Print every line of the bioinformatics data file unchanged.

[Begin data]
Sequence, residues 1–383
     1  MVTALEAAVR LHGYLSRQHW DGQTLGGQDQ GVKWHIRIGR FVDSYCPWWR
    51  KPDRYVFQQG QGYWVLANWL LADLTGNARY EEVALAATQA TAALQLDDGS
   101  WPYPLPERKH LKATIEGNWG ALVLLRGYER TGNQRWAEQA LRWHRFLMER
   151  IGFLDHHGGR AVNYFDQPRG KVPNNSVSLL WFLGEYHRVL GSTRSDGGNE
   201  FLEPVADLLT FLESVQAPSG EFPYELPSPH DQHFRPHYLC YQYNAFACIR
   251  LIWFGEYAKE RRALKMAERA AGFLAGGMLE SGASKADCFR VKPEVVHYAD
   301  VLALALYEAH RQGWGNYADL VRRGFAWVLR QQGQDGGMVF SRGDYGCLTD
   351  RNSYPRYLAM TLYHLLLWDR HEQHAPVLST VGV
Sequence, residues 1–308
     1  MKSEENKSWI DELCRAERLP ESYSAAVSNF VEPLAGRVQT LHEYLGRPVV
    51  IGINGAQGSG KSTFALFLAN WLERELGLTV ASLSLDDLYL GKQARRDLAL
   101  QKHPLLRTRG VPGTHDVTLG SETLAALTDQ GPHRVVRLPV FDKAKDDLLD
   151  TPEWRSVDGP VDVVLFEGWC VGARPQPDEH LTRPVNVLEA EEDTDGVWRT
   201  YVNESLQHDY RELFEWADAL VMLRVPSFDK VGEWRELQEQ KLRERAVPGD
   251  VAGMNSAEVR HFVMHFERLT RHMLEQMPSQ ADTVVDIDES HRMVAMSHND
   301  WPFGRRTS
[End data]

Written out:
Sequence, residues 1–383
     1  MVTALEAAVR LHGYLSRQHW DGQTLGGQDQ GVKWHIRIGR FVDSYCPWWR
    51  KPDRYVFQQG QGYWVLANWL LADLTGNARY EEVALAATQA TAALQLDDGS
   101  WPYPLPERKH LKATIEGNWG ALVLLRGYER TGNQRWAEQA LRWHRFLMER
   151  IGFLDHHGGR AVNYFDQPRG KVPNNSVSLL WFLGEYHRVL GSTRSDGGNE
   201  FLEPVADLLT FLESVQAPSG EFPYELPSPH DQHFRPHYLC YQYNAFACIR
   251  LIWFGEYAKE RRALKMAERA AGFLAGGMLE SGASKADCFR VKPEVVHYAD
   301  VLALALYEAH RQGWGNYADL VRRGFAWVLR QQGQDGGMVF SRGDYGCLTD
   351  RNSYPRYLAM TLYHLLLWDR HEQHAPVLST VGV
Sequence, residues 1–308
     1  MKSEENKSWI DELCRAERLP ESYSAAVSNF VEPLAGRVQT LHEYLGRPVV
    51  IGINGAQGSG KSTFALFLAN WLERELGLTV ASLSLDDLYL GKQARRDLAL
   101  QKHPLLRTRG VPGTHDVTLG SETLAALTDQ GPHRVVRLPV FDKAKDDLLD
   151  TPEWRSVDGP VDVVLFEGWC VGARPQPDEH LTRPVNVLEA EEDTDGVWRT
   201  YVNESLQHDY RELFEWADAL VMLRVPSFDK VGEWRELQEQ KLRERAVPGD
   251  VAGMNSAEVR HFVMHFERLT RHMLEQMPSQ ADTVVDIDES HRMVAMSHND
   301  WPFGRRTS